As a rule, the best way to approach a really loaded question is to commence where the question itself commenced: at the beginning. Sometimes, though, it is even wiser to begin by reminding ourselves of exactly why it is that we are taking on the question in the first place.
This is one of those times,
. . . because, whether we like it or not, we live in an era when our fellow citizens tend to be “more spiritual than religious” and yet, despite that surrounding emphasis, we are not quite sure of what the “Spirit” is in mainline and/or historic and/or orthodox Christianity.
. . . because we face renewed charges and/or perhaps an internal concern about whether or not Christianity is truly a monotheistic religion. That concern has never been more important than it is in the present moment.
. . . because Pentecostalism is the fastest-growing expression of Christianity, especially in the Southern Hemisphere, where the demographic heft and bulk of global Christianity have now shifted. And whatever else it pivots on, Pentecostal Christianity is poised forever upon the engagement of the Spirit.
. . . and because, ready or not, we find ourselves alive and Christian in a time of almost unprecedented upheaval. And this upheaval which we find ourselves in the midst of is apparently going to do nothing less than attempt to discover a fuller and more complete understanding of the Trinity during our lifetime or, barring that, most certainly within the lifetimes of our children and their children.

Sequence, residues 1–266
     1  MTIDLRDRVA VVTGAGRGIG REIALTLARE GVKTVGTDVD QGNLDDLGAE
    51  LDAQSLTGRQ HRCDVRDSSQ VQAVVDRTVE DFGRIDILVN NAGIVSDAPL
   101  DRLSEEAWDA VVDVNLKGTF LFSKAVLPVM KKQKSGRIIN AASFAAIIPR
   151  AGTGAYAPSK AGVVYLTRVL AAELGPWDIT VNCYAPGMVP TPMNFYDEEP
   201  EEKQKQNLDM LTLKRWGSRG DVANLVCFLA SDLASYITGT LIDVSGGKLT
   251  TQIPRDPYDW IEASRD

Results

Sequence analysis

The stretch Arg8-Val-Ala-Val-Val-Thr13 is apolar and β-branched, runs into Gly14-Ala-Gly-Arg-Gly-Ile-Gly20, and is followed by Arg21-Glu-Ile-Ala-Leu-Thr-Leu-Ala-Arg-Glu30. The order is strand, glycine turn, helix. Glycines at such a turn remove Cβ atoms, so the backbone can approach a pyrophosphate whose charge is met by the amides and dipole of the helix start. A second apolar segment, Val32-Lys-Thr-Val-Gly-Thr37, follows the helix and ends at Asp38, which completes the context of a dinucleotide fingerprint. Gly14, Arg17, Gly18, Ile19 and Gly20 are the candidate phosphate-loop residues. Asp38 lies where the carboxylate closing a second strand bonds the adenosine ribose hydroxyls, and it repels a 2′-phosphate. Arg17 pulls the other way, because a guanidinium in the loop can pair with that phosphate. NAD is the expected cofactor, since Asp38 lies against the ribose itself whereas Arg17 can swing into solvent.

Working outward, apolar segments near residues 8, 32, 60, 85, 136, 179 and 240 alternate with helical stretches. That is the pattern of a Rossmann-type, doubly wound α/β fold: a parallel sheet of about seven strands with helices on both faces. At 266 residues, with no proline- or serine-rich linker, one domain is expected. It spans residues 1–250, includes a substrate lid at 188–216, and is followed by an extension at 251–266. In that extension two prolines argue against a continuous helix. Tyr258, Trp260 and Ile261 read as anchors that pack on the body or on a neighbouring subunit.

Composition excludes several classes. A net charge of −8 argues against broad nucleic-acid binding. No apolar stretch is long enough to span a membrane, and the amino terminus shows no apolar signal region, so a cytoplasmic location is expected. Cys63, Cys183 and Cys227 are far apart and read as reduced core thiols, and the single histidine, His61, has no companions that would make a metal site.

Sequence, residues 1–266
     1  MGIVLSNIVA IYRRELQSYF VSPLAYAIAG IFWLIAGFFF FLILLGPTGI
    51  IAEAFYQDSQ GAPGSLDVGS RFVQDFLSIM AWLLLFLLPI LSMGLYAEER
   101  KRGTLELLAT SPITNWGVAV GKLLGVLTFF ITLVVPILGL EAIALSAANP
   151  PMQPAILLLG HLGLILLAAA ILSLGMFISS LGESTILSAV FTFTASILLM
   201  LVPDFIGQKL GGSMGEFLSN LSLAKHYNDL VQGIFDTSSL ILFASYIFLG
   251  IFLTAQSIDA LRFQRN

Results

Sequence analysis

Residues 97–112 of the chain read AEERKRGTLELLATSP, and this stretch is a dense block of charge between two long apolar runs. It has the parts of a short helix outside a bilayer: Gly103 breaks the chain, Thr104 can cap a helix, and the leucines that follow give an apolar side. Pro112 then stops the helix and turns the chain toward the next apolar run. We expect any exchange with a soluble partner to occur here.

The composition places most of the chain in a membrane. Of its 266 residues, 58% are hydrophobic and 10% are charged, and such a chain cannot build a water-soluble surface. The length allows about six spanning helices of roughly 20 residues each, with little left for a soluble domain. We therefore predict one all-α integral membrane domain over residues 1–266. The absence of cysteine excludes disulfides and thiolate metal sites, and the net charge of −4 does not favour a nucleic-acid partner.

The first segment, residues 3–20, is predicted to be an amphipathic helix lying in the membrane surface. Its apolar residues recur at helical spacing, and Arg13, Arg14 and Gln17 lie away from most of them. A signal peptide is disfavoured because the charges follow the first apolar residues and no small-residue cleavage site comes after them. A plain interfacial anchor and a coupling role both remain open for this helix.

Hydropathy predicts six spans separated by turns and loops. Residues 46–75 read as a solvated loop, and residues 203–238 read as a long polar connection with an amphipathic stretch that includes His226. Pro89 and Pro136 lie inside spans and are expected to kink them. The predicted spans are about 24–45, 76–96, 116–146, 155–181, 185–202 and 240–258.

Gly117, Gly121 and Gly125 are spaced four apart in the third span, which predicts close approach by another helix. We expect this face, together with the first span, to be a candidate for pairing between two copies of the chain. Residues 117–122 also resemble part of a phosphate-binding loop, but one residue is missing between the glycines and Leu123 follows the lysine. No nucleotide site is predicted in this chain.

And in view of all of that, what matters is not whether, as individual believers, we are Emergence Christians or traditional Christians.
What matters is that we have arrived at the point in our conversation where we are to begin tracing the strange story of how, as a people of faith, we Christians have envisioned, engaged, and all too often even tried to engineer the Holy Spirit over the millennia. As we do so, however, at least one imperative is upon us. That is, we must remember always—and again, without regard to whether we are Emergence Christians or traditional Christians—to do our storytelling and our discerning with an eye on our own time and with the ears of our souls and of our minds ever and always attuned to the guidance that this story can lend us in this time of our upheaval.
Excerpted from Age of the Spirit, The: How the Ghost of an Ancient Controversy Is Shaping the Church by Phyllis Tickle with Jon M. Sweeney. Baker Books, a division of Baker Publishing Group, 2014.